Thrust into service first as an emergency right tackle to replace Trent Brown in the season opener and then as an emergency left guard in Week 2 with Richie Incognito going down, Good has been the Raiders’ “unsung hero,” according to coach Jon Gruden, the “team MVP,” per quarterback Derek Carr. Not bad for a versatile guy who replaced Gabe Jackson at right guard to start last season but played just one offensive snap between Weeks 7 and 15. This season, Good has played 96.5% of the Raiders’ offensive snaps thus far (319 at LG, 174 at RT); only Carr and center Rodney Hudson have played a higher percentage, with neither missing a snap. “It’s necessary,” Good said with a smile. “You ain’t got no choice. You’ve got to go out, put your head down and go to work.” — Paul Gutierrez


Spillane endeared himself to Steelers fans when he sacrificed his shoulder in making a goal-line stop of powerful running back Derrick Henry in a win against the Titans. That was Spillane’s first full game filling in for injured linebacker Devin Bush. An undrafted free agent from Western Michigan, Spillane is as unheralded as they come. After a stint with the Titans, he landed on the Steelers’ practice squad and was elevated to the active roster last season. He played only a single defensive snap for the Steelers in 2019, but after Bush’s injury, he has more than 200 this season. Not only did he make the monster tackle of Henry, he also scored on a pick-six against the Ravens a week later. He’s not as polished as Bush, a former top-10 pick, but he’s gritty and hardworking, and his grandfather Johnny Lattner played for the Steelers in 1954 as the only Heisman winner to suit up for the franchise. — Brooke Pryor

Jones leads the Jaguars with seven pass breakups and has an interception despite not playing a significant role on defense until Oct. 11. From that point on, however, he’s been the Jaguars’ best cornerback and has remained in the starting lineup. Jones’ journey to the NFL wasn’t exactly smooth. He was supposed to be one of the best corners in the 2017 draft but tore his Achilles on his pro day and dropped to the second round (Philadelphia). He battled hamstring injuries in 2018 and ’19 and eventually fell out of favor with the Eagles, who cut him this past September. The Jaguars signed him to the practice squad, added him to the active roster and let him get up to speed over several weeks before putting him in the starting lineup. — Mike DiRocco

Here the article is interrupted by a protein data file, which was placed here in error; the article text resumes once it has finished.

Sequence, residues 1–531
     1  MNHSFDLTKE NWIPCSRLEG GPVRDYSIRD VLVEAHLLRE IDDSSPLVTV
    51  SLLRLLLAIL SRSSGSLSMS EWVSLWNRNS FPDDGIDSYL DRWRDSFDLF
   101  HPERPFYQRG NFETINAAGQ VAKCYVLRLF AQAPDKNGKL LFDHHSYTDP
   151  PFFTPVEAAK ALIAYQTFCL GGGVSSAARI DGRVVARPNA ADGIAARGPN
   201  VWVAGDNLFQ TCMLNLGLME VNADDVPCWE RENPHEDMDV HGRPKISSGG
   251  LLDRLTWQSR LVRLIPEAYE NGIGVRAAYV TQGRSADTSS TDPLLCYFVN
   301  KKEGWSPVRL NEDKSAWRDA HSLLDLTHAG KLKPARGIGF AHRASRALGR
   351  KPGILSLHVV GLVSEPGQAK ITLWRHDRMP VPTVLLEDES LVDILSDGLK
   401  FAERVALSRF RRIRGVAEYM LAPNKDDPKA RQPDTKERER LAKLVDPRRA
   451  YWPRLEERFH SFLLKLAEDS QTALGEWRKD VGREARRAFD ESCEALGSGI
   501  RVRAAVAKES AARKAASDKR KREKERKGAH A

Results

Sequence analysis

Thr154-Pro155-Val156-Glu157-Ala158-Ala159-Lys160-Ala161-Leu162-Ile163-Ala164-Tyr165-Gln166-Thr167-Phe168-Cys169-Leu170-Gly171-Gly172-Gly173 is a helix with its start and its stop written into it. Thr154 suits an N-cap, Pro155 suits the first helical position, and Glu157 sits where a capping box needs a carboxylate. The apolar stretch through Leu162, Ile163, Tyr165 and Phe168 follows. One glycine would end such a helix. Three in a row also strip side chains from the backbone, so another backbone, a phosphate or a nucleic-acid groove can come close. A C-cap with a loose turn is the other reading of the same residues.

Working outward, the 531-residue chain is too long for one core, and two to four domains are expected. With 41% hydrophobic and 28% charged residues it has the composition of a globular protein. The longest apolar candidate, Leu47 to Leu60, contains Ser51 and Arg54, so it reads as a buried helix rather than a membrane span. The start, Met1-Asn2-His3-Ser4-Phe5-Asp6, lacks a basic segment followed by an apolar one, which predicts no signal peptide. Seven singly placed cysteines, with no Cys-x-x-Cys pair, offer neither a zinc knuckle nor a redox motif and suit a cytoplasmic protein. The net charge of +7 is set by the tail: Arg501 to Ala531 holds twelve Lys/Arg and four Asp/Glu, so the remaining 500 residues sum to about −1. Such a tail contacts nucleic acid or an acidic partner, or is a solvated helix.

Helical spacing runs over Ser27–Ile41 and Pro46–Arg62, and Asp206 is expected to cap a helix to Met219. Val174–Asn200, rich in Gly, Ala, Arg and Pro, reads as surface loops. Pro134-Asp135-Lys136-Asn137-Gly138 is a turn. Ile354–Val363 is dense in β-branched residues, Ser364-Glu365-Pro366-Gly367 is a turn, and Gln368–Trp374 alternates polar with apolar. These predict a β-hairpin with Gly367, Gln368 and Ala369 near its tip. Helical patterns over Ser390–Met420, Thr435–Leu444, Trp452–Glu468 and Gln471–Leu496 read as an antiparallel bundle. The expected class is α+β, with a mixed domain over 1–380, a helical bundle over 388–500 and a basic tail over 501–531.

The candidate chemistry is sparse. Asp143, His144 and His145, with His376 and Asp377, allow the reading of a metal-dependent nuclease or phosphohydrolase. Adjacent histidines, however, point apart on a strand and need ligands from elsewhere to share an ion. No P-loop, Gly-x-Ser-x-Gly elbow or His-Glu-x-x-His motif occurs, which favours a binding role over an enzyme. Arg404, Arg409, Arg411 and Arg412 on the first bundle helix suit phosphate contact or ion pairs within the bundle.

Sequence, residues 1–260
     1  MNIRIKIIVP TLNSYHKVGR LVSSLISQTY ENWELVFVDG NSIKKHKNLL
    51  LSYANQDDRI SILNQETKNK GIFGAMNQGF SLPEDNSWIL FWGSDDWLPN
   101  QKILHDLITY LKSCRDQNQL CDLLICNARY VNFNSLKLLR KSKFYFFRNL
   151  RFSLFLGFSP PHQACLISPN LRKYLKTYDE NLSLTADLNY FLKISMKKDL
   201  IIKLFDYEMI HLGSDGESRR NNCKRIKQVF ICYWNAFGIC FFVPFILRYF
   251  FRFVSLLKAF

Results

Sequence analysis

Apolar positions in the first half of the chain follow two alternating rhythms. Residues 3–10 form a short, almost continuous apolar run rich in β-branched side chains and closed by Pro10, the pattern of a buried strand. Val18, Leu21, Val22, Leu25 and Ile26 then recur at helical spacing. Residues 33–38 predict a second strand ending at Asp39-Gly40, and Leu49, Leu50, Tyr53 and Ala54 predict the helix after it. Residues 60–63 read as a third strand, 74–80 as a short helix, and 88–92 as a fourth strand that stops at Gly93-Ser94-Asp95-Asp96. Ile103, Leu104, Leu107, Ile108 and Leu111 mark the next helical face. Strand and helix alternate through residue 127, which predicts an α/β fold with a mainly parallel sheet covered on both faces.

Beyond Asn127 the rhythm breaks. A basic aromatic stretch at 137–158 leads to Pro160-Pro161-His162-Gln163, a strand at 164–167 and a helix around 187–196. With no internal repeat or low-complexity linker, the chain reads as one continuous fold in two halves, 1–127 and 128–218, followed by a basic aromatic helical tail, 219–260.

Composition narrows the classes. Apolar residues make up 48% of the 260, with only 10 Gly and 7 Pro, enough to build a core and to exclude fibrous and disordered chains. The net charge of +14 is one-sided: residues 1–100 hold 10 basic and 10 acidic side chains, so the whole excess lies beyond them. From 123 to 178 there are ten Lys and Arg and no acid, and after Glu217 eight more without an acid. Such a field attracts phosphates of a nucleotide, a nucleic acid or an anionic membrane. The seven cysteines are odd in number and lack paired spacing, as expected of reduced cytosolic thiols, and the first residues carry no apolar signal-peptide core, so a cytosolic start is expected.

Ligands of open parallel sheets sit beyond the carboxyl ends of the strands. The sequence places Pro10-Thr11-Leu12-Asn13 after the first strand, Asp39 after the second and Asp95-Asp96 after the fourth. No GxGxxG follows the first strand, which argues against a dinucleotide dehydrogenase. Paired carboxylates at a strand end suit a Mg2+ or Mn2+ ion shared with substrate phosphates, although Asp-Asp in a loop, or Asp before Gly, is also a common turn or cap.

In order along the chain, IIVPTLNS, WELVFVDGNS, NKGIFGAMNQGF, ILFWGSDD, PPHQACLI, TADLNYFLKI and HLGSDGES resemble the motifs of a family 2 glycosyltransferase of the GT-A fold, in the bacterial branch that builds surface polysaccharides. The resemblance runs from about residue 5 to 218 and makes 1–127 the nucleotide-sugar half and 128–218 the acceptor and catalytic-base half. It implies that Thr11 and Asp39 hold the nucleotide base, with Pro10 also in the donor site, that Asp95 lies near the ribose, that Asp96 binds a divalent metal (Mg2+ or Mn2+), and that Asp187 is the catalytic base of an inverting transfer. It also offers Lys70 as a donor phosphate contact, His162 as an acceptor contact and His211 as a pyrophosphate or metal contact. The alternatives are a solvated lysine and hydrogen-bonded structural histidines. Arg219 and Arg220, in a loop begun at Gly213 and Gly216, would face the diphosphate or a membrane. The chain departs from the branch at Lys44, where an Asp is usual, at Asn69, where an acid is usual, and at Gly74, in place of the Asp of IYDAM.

The injury bug hasn’t hit the Texans this season, and the team has just two starters on injured reserve: cornerbacks Gareon Conley and Benardrick McKinney. After playing just 22 defensive snaps in the first four weeks of the season, Adams has played 255 in the last four games (including every defensive snap in the last two weeks) after McKinney injured his shoulder and required surgery. Adams signed with the Seahawks as an undrafted free agent in 2015 and has had 10 different stints with an NFL team, including two each with the Seahawks, Chiefs and Texans. — Sarah Barshop

Williams, signed by the Broncos in August as a potential depth player, has now played more than 200 snaps on defense this season, putting him among the Broncos’ top three defensive linemen in what has been an injury-ravaged season. Williams might be the face of perseverance in this NFL season like no other.

Williams arrived in the NFL as an undrafted rookie with the Bengals in 2015, has been waived eight times in his career, spent time on the practice squad of four different teams, was out of the NFL in 2019 and went more than 1,300 days between appearances in games, from Week 16 in 2016 to playing in the Broncos’ Week 3 game against the Buccaneers. He has 20 tackles this season, has knocked down two passes and made a diving interception.

“Every city that I went to — either I was there for practice squad or a short period of time — not one coach or GM told me that I can’t play,” Williams said. “It was just either a numbers game or, ‘We’re going to need this other position, so we have to make this cut.’ Nobody ever told me, ‘You’re not good enough to play.’ I know what I can do. I’ve showed it everywhere I went.” — Jeff Legwold